• Wisconsin says it has reduced fertilizer runoff into waterways, but others say it has more to do
  • Senate Republicans charge EPA with being opaque about guidance on regulating streams, wetlands, smaller waters
  • Senate Republicans: EPA’s Failure to be Forthright on New Clean Water Act Rule is Troubling (GOP Press release)
  • EPA hopes to reduce citizen suits, petitions regarding implementation of state Clean Water Act antidegradation rules
  • West Central Tribune (MN) Editorial: Farmers need to be part of river water pollution, Gulf of Mexico hypoxia solution
  • Beaumont Enterprise editorial: "End of Gulf's 'dead zone' finally takes shape" (Also see this related op-ed:
  • Minnesota sets goals for "fixing" Gulf of Mexico dead zone
  • AGWEEK: U.S. EPA is missing its Gulf of Mexico dead zone goal set in 2008
  • Environmental groups say EPA stormwater rule effectiveness will be curbed by lack of monitoring requirements

Water Resource Management (Floodplains, Dams, Navigation, Wetlands, Flooding, Supplies, etc.) -
  • Louisiana considers replacing federal flood insurance program with a state plan that experts say could cost even more
  • Lawmakers hope to freeze flood insurance rate increases in stopgap bill to fund government
  • Army Corps awards contract to raise portion of Mississippi River Levee on the east bank of Jefferson Parish
  • Planners study whether Mississippi River and conservation can meet water needs of northeast Twin Cities, MN suburbs
  • Montana officials gather comments on upper and lower Missouri River state water plan and
  • Residents on Montana state water plan: Additional water storage is needed in upper Missouri River basin
  • Army Corps, states and tribes clash over Missouri River water rights
  • Feds consider permit to drill on central Kansas site that includes internationally recognized wetlands
  • Funding secured to repair Arkansas' River Zink Dam in Tulsa, Oklahoma
Farm Bill-
  • Senate Majority Leader requests conference committee with House to resolve differences between chambers’ farm bills
  • In limbo: appointment of House conference committee members to resolve differences between House, Senate farm bills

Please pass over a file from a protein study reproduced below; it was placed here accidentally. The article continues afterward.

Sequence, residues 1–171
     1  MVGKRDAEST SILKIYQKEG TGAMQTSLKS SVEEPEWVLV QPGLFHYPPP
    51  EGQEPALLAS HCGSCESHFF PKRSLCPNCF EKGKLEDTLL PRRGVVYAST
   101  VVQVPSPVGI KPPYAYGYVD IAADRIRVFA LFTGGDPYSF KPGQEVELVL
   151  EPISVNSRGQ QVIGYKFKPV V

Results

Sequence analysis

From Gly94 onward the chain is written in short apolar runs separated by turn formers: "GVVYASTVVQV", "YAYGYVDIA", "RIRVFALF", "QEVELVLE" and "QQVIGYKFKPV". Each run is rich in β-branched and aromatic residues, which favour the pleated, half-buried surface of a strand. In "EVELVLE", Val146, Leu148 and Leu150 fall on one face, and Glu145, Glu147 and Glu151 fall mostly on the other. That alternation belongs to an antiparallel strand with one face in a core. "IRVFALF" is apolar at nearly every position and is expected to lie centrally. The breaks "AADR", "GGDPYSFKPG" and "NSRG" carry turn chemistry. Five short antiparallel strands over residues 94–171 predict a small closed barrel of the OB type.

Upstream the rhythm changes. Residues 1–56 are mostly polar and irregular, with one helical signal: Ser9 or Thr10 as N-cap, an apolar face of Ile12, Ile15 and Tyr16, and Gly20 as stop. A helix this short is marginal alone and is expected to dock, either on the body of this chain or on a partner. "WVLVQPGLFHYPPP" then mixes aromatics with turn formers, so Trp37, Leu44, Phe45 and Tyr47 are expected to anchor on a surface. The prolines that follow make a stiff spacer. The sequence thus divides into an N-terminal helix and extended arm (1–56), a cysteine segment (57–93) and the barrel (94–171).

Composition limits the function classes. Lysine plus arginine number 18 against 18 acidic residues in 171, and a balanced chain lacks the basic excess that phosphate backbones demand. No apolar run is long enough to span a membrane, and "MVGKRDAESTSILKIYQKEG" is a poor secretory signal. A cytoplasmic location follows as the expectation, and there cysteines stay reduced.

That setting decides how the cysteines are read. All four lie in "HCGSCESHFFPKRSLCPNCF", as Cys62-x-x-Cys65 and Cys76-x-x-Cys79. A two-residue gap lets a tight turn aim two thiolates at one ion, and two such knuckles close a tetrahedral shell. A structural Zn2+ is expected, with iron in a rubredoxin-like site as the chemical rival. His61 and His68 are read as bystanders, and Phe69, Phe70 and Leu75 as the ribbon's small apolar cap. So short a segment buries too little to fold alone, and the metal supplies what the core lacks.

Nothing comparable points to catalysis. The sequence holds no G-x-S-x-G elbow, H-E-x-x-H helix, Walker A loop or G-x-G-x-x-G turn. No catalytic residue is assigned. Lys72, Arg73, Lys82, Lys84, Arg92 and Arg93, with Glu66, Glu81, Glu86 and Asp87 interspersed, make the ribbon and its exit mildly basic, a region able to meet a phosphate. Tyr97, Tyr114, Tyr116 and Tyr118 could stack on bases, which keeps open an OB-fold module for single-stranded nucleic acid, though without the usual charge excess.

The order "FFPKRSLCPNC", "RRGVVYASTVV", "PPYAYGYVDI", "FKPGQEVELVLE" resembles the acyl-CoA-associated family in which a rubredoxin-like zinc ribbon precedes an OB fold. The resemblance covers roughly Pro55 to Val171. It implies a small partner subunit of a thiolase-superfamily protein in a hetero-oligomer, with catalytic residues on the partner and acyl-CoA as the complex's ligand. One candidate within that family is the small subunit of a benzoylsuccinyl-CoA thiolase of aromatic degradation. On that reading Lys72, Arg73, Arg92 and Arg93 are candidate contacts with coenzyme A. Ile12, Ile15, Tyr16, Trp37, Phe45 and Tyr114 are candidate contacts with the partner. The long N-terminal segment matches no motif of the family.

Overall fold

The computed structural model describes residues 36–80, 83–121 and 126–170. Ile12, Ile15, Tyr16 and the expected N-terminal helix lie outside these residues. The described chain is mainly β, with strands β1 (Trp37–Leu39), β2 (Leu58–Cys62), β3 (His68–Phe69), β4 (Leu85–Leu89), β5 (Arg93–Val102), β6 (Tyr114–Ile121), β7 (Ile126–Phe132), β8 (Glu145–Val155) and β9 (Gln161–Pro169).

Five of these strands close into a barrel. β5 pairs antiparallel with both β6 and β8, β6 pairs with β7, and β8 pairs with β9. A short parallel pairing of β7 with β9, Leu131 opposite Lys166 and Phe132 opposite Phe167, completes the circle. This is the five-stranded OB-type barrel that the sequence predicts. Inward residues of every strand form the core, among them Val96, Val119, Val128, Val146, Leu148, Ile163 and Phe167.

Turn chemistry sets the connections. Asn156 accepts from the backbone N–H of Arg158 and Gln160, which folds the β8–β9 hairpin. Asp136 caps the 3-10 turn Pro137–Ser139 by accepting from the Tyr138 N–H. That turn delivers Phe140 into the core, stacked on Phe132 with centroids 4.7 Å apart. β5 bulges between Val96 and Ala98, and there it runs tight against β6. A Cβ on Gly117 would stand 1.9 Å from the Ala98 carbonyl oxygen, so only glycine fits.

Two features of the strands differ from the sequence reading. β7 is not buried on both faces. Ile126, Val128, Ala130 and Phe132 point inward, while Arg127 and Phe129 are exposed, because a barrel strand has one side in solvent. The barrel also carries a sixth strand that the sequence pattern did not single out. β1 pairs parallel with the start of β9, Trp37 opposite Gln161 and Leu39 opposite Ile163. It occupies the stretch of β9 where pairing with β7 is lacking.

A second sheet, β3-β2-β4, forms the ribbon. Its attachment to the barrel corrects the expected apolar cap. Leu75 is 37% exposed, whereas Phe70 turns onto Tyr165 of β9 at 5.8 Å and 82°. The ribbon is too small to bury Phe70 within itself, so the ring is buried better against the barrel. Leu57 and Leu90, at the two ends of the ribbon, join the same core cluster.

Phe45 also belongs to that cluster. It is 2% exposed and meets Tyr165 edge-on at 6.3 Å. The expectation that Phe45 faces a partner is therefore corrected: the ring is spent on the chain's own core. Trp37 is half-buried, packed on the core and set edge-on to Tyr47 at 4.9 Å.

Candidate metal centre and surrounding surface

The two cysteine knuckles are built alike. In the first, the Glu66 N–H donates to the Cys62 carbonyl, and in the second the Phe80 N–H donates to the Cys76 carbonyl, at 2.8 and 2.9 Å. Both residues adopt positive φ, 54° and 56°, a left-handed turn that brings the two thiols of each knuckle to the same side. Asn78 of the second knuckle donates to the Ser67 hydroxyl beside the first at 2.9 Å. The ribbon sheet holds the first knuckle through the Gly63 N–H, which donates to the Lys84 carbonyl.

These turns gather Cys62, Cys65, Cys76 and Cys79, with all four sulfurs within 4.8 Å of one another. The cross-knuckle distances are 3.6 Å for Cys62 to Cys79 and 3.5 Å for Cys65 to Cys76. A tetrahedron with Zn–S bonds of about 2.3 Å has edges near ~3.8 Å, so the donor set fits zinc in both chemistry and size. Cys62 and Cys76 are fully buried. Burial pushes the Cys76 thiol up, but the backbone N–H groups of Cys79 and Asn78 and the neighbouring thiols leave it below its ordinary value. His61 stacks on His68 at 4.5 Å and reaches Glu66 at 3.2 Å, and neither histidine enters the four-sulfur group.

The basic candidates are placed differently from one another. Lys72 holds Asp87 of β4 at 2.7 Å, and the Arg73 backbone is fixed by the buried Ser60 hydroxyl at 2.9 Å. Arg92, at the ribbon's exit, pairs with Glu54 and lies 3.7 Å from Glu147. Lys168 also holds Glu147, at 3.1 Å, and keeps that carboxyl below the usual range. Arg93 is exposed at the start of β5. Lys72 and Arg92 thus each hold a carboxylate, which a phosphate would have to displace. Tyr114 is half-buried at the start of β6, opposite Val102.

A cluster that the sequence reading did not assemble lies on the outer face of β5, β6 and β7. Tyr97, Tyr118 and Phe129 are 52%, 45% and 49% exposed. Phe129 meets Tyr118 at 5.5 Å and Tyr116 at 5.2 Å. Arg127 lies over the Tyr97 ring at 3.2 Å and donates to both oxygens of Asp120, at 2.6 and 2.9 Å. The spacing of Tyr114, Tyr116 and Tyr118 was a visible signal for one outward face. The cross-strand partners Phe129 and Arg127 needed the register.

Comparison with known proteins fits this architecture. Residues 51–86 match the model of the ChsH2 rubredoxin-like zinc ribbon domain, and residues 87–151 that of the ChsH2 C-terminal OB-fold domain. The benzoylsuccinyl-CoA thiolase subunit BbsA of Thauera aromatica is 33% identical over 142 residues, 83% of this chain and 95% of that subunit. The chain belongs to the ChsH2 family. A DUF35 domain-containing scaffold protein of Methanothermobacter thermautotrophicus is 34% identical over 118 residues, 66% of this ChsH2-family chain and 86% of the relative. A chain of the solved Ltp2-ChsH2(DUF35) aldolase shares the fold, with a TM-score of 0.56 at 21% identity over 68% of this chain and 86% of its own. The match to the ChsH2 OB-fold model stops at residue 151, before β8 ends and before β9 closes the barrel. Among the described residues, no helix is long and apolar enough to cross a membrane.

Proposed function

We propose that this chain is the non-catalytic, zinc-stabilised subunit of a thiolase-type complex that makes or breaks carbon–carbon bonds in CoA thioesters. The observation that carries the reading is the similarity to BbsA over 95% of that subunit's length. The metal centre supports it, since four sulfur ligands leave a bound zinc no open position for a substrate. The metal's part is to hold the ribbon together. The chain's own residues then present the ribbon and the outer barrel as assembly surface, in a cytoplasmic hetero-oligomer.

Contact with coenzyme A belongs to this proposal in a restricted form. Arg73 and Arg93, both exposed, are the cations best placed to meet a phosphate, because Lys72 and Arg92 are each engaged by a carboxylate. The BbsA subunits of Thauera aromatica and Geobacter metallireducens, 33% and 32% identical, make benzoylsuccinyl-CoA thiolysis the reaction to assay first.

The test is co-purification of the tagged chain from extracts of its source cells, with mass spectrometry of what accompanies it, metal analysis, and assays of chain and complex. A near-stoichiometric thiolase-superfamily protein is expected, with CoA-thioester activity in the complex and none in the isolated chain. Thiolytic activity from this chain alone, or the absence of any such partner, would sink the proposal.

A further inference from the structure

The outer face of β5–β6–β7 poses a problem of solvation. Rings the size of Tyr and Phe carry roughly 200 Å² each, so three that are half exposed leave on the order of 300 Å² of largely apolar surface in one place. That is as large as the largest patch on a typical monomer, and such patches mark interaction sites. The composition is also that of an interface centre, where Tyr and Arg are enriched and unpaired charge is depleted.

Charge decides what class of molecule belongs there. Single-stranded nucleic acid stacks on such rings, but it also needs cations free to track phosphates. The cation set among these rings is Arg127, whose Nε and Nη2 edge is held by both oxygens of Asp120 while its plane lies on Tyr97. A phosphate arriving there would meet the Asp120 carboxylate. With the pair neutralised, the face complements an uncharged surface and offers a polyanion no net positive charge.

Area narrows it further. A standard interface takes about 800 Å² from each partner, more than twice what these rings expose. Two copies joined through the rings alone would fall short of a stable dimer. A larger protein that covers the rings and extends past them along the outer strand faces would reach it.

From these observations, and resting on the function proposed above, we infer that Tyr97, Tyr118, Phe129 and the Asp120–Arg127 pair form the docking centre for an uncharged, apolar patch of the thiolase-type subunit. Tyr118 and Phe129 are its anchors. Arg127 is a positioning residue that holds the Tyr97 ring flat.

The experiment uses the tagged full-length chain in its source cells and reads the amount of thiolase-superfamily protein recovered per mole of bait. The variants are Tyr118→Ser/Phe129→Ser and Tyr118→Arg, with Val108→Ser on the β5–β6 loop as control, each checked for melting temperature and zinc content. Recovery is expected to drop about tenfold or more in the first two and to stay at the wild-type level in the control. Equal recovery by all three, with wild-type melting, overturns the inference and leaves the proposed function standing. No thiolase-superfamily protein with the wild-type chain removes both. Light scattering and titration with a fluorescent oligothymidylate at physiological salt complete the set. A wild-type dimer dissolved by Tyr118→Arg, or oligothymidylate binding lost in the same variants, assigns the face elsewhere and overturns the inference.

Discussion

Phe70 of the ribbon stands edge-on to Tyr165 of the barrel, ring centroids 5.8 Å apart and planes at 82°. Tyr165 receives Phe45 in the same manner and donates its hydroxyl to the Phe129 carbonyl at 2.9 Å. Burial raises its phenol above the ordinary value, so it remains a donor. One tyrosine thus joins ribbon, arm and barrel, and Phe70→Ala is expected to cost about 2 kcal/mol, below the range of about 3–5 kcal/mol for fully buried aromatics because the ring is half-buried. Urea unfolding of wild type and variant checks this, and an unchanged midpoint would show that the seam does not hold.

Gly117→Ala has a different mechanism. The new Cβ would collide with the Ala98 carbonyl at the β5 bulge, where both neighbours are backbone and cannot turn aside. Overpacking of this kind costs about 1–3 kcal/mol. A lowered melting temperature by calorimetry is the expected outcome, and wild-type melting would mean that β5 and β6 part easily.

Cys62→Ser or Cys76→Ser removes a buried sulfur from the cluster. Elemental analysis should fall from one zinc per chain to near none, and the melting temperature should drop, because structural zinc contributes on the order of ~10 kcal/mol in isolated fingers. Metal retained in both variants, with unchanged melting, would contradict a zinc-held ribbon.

• House passes motion to re-link the fragmented farm-only and nutrition parts of that chamber's farm bill (roll call vote 226-191)
  • Most land being converted from native habitats to farmland fall outside protective "sodsaver" geographic scope of House farm bill
  • University of Missouri's Food and Agricultural Policy Research Institute report: "Impacts of Selected Provisions of the House and Senate Farm Bills"
Agriculture -
  • USDA total website shutdown goes far beyond other federal agencies' response; leaves no access to any online information
  • A big drop in U.S. farm earnings over the past quarter - down 14.6% nationwide - has especially hurt the Midwest
  • In new "Counting Cover Crops" report, NWF estimates total 2011 Mississippi River Basin cover crop acreage at 1.8-4.3 M acres, less than 2% of cropland area
  • New NWF report: "Clean Water Grows - Six Successful Cover Crop Outreach Efforts"
  • Once little-known, Goss's wilt disease is hitting corn crops from Minnesota to Texas
Climate and Weather -
  • Midwest drought status largely status quo last week, Plains
    October 1 U.S. Drought Monitor Map
    (click to enlarge)
    improved somewhat, Louisiana water deficits lingered
  • Latest update of U.S. Drought Monitor continues to show severe drought in parts of Illinois
  • NOAA Climate Prediction Center drought outlook for October: improvements expected
  • EPA releases report of climate change impacts on streamflow, water quality in 20 U.S. watersheds
  • ClimateChangeLIVE provides free tools for teaching climate concepts for the 2013-2014 school year
  • Even with floodwater rolling through Nebraska, drought persists
  • With an unusual late-season hurricane brewing in the Gulf of Mexico, FEMA employees are being recalled from furlough
  • Tropical Storm Karen's approach will stop Mississippi River barge traffic at its mouth
Biodiversity, Wildlife and Invasives -
Grotto sculpin
  • Grotto sculpin, a small, cave-dwelling fish found only in Missouri, to have federal Endangered Species Act protection
  • Fisheries biologists helping alligator gar make comeback in Illinois
  • Bad weather, and use of Roundup-ready corn and soybeans linked to disappearance of milkweed and monarch butterfly decline
  • Wisconsin fish test positive for cutthroat trout virus; effect of the virus on cool-water species unknown
  • Researchers test Muskingum River Basin waters (Ohio River Basin) for invasive Asian carp
  • Criticism greets new Bureau of Land Management proposal for protecting sage grouse in North Dakota
  • Report: States should boost ability to oversee how power plant cooling-water intakes entrain fish, other organisms Link to the report here:
In the Cities -
  • Louisville, KY 4000-acre park is one of largest new parks in country and a prime private-public partnership example
In the States-
  • Illinois announces over $5 million in investments to 13 communities across state for green infrastructure projects
  • Thousands of Western Pennsylvania forest acres fragmented by Marcellus shale and traditional gas well drilling
Resource Extraction -
  • 3rd U.S. Circuit Court of Appeals sides with oil organizations in Allegheny National Forest mineral rights case